- Native Americans
- Apulian Americans
- Italian Monuments
in New York
- New York - New York
- Italian American World
- Let’s Eat Italian
- New York Exhibitions
- The beautiful West
The charming “white city” Castled on a hill overlooking the Adriatic, it has a not-to-be-missed old town centre with white houses, noble palazzos, Baroque railings, churches and shops, cafés and little restaurants…
History, prehistory and folklore in the shade of the statue of Saint Oronzo, patron saint of the town by Lino Patruno
Ostuni (Brindisi). Photo Archivio Fotogramma
At the cost of risking excommunication from the land of bell-towers, Ostuni is the loveliest old town centre in Puglia. So lovely it bowls you over. If one night a traveller arrived here with a camera, he wouldn’t know where to start focussing, there are so many corners, perspectives, nooks and crannies. Amidst alleyways and steps, courtyards and little squares, passages and winding streets, arches and balconies, terraces and chimneys, Ostuni is a dizzying blaze of limestone walls. Thus the “white city”, brushstrokes of candour from the ancient peasant culture and the sense of nestling up in the rarefied air.
For someone who comes in from the sea, Ostuni resembles the spaceship in Close Encounters of the Third Kind in Spielberg’s movie, ready to set off towards the infinite, all round and shiny in its mighty walls. Up there, at its 240 meters, Ostuni stands like a refuge against the blast of the sultriness that lands on the long beaches below it, where, well peopled but discrete, lie the villages of Rosa Marina and Monticelli, before the noisy tourist supermarket of Villanova, the ancient Roman harbour.
So, in the summer months, it is an incessant excitable swarming in the dizziness of the Earth. It is the mediaeval old town center, here embellished by arabesques on grotto-houses one on top of the other, there snobbishly boasting unexpected noble palazzos once belonging to the great Spanish families, coats-of-arms, mawkish gates, vintage street-lamps, Baroque railings, churches and fountains. And then of course the colourful litany of a myriad shops and smart cafés, and restaurants aplenty to the joy of the traveller who is looking for his little spot under the starlit sky after the spree in the sunshine and in the wonderful sea.
But Ostuni is also the large heart of Piazza della Libertà, parade ground of the sacred fury of sunburnt youth. Here life never stops, the deep night seething beneath the broad Mediterranean skies charged with goodness. Here the glow from the bars, the decibels of the music, the insolent hip movement of the girls in their prime and the chatter of the encounters may well be responsible for Saint Oronzo’s frown, as, from on high, the patron saint of this town and of Lecce gazes down, back slightly bent with the infirmities of old age, on his highly ornate column.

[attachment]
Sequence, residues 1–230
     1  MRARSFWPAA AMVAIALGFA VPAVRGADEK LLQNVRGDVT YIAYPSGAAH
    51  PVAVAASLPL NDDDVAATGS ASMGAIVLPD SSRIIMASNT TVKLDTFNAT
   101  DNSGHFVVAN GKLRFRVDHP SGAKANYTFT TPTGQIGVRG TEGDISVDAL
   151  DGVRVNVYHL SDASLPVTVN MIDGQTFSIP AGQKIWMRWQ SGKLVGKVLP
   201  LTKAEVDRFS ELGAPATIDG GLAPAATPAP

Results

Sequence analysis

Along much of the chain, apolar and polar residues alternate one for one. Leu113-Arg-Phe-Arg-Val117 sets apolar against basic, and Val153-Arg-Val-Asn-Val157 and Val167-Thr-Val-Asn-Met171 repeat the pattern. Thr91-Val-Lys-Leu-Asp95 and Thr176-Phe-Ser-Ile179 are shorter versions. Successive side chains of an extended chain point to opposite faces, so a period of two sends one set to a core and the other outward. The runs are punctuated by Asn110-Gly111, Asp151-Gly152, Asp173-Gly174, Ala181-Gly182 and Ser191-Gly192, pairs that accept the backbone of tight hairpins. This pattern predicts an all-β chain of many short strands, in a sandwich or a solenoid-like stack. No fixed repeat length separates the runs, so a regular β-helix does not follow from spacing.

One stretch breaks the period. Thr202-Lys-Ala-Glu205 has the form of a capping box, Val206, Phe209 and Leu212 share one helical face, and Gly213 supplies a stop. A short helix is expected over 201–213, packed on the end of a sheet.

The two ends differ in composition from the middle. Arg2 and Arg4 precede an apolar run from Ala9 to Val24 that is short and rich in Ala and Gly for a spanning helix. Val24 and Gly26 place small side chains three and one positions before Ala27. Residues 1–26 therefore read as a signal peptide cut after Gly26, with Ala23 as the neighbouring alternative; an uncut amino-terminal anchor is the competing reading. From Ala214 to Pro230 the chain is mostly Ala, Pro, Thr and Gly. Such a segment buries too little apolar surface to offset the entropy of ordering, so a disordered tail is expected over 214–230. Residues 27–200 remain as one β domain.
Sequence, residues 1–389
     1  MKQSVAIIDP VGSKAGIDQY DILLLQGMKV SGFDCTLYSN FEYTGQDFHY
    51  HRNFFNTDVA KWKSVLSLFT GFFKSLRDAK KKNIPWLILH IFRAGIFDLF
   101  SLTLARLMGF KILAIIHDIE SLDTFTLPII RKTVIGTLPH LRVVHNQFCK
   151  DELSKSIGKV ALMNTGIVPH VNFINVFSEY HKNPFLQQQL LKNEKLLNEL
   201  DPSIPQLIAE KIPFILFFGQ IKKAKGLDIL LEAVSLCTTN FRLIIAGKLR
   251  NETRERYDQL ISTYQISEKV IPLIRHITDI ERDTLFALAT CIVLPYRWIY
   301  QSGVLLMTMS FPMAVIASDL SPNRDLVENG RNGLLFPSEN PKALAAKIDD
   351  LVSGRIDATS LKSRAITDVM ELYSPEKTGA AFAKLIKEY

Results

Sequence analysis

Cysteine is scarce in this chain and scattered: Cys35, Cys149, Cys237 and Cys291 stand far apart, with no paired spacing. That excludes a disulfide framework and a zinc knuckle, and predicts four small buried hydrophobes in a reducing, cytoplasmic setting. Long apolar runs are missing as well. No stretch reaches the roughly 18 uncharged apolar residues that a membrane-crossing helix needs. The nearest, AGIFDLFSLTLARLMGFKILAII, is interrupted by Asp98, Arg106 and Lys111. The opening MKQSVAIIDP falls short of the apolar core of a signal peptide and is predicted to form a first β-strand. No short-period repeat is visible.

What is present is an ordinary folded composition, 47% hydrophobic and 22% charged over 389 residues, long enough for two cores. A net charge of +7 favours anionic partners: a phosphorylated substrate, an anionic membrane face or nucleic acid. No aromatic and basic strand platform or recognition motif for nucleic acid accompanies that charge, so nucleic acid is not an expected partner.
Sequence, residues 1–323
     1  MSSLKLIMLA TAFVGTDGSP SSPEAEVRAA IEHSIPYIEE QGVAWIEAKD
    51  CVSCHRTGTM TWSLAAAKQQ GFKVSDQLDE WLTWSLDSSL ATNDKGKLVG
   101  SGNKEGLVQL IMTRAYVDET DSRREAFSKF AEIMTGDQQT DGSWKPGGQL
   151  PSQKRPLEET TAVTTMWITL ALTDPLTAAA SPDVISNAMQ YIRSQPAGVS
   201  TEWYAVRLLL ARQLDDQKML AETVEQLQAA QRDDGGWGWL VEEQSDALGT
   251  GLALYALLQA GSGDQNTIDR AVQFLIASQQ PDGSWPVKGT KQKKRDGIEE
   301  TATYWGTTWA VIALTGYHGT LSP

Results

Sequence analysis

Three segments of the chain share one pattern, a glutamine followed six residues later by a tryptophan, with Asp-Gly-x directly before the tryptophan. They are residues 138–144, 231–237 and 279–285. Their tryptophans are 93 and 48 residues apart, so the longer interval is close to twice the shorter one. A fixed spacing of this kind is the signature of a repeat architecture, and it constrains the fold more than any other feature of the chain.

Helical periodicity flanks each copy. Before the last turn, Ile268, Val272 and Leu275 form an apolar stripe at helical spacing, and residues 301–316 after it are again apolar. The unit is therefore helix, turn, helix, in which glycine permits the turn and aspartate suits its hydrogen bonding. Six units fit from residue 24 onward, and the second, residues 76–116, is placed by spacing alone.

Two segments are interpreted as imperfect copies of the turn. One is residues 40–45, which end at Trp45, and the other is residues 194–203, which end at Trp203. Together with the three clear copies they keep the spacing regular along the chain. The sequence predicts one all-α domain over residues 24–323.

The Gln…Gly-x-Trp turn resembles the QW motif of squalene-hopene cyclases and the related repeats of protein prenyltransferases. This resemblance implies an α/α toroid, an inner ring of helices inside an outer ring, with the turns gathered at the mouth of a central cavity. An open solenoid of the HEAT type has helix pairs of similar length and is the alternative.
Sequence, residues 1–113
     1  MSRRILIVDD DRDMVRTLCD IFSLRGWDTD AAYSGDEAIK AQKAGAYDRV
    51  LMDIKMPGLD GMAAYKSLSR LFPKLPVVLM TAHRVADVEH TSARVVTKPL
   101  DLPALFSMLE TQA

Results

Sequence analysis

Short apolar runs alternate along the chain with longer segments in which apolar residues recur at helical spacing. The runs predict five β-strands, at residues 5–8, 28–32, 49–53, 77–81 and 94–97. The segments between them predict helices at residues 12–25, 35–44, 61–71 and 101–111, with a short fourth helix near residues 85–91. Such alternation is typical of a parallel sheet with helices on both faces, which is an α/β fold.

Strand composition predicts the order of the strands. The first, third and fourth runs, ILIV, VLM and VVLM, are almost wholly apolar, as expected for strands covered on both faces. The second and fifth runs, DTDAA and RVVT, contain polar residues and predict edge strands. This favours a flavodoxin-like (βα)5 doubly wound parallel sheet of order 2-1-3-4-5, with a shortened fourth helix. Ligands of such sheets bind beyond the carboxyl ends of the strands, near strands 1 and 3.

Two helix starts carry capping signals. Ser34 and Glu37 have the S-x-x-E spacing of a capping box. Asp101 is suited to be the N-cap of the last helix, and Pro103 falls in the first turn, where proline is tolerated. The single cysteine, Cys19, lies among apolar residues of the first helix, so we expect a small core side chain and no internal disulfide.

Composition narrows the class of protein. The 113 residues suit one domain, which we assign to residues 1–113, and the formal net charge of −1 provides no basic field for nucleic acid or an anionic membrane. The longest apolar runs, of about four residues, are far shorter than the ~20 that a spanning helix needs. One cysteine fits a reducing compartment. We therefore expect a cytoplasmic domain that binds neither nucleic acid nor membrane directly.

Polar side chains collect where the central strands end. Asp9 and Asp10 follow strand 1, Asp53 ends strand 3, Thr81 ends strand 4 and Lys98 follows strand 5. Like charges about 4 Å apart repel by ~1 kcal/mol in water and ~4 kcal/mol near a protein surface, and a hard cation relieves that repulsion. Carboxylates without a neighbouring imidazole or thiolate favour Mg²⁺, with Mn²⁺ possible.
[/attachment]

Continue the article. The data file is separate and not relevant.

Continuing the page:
The fact is, if this square throbs then all of Ostuni does, too. But then, it would take a lot to put off a saint who in 1657 did not surrender even to the plague. Just the opposite; he was so energetic in his battle with the Black Death that he was considered worthy not only of promotion to patron saint, but also of an annual re-enactment of those days. It’s the Cavalcata of the 26th August, taking the silver statue around and up and down dizzying heights, escorted by cavaliers dressed in the uniforms of the time.
Good Saint Oronzo sees needs and provides for them, because, to be perfectly honest, he knows very well that youth is nothing to the centuries of the stupendous former monastery from the 12th century which is now the town hall, the long corridors and the rooms of the councillors in the monks’ cells so that they behave themselves. And the Public Library, one of the most important in the region, over 60 thousand volumes mainly from the mid 19th century closure of the monasteries: the Tabula Peutingeriana from the 12th/13th century is precious, one of the oldest maps in the world.
Incredible Ostuni, between the future of the computerized youth and the ancient history of its cathedral (a national monument, Gothic-Romanic, 1400). But above all of the moving pre-history of Delia: she was twenty, her bones curled up, a shell bracelet round her wrist, her hands protecting the child in her womb. She lived about 25 thousand years ago and was found in a cave in the infinite countryside of olive trees and masserie and trulli on the boundless horizon.
Delia too is part of the fable of Ostuni, where there is no entry for those who don’t have eyes to see, as the inscription in front of the old house of art, poetry music and dance says. Because Ostuni can blind those who don’t know how to look.
WHERE: Ostuni (BR)